Acknowledgment pages, like film credits, are my homework. I read them/stay in the theater for them because they give me valuable information about other professionals in my business. (Although I skip over the parts about favorite bands and best friends and babysitters.)

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Re: Trend: the acknowledgments page

Post by wetair » July 21st, 2010, 9:11 pm

i never read the acknowledgment page. and don't all books have them?

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Re: Trend: the acknowledgments page

Post by AnimaDictio » July 22nd, 2010, 8:45 am

steve wrote:
Leave a little mystery for your readers; let the book stand on its own merit.
That does it. Steve is going in my acknowledgments page. Front and center. With the added note "(because I know it would piss him off.)" Hee hee.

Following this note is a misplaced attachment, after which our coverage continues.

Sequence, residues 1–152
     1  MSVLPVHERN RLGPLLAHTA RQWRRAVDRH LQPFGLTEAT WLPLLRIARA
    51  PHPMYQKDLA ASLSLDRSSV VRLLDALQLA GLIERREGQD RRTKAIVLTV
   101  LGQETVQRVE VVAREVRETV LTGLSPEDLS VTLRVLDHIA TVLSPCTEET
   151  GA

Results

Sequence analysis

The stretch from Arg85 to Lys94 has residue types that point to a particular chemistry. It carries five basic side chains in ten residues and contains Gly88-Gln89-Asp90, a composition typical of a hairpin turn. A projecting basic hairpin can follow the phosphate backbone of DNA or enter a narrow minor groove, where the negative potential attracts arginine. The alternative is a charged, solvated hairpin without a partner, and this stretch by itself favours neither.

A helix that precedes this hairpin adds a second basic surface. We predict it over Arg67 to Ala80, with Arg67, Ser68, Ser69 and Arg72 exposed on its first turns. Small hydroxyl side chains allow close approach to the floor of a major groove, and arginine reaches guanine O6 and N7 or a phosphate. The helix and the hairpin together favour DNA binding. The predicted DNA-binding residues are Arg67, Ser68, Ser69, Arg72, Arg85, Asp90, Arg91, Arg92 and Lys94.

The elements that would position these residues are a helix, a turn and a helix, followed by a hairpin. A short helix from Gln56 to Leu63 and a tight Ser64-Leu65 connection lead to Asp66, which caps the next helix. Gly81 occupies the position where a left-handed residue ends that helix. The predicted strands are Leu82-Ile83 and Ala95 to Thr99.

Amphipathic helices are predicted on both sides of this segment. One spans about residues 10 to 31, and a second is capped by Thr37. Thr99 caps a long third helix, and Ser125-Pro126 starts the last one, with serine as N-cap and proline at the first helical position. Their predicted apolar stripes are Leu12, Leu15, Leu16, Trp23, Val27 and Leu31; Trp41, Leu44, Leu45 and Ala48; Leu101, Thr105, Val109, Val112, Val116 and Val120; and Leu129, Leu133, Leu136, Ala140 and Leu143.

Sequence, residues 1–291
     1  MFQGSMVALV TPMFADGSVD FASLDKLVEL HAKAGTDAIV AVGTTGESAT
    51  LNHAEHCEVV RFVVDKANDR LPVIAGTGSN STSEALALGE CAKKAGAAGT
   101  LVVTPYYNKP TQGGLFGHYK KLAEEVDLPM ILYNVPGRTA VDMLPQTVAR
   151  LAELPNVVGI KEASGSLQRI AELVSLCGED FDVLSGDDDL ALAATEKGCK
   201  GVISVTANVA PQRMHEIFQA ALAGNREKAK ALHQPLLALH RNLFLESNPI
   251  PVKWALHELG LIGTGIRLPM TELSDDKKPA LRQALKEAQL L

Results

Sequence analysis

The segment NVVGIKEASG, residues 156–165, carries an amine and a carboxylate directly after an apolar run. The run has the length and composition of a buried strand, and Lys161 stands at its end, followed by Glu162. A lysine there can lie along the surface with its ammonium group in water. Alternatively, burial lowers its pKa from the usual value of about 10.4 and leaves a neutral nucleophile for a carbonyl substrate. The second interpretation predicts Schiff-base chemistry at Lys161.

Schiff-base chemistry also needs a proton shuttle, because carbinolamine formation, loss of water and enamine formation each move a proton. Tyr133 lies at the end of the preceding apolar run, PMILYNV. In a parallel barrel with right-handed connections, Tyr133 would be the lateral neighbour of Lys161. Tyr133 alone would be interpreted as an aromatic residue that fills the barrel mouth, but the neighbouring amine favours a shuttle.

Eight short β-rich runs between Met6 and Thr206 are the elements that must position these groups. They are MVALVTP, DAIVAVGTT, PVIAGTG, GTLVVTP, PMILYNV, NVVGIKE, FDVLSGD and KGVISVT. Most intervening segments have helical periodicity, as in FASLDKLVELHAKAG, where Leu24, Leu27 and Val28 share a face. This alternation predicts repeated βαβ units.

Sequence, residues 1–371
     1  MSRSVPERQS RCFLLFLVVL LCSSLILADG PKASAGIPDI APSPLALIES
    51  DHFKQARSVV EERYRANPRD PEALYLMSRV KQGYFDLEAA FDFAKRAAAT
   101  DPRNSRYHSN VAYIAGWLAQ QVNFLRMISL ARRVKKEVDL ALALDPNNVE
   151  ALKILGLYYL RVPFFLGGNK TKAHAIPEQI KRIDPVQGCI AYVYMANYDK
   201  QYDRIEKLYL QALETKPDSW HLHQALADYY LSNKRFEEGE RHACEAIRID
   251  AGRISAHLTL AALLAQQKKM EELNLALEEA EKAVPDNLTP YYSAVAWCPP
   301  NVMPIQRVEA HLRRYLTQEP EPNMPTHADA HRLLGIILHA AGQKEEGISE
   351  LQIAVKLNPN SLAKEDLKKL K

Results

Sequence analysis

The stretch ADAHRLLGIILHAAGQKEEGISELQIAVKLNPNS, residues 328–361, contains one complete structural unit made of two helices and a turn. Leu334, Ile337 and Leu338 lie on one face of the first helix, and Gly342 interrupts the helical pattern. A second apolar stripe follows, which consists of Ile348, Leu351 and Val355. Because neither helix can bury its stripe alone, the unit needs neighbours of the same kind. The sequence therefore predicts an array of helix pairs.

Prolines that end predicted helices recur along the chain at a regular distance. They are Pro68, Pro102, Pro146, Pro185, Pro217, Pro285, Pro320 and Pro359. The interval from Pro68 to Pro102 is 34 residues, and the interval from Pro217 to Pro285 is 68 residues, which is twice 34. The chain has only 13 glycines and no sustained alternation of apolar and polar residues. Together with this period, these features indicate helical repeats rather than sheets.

So, what's this about mystery? Books are supposed to be mysterious, now? Forget that. The industry is mysterious enough as it is. I say lay it all out. Give me agent blogs, editor blogs, indie bookstore owner blogs. I'll take Publishers Weekly. Publishers Daily, if you got it. And you darn sure better include that Acknowledgements Page. I would read the "Grisly Details of My Gall Bladder Surgery" page if it was in the book.

Anything that will help me get published...

And I don't see how it detracts from the story, itself. It certainly detracts from the image of the lone novelist doing the whole thing by himself, but we know that's a false image, anyway, right?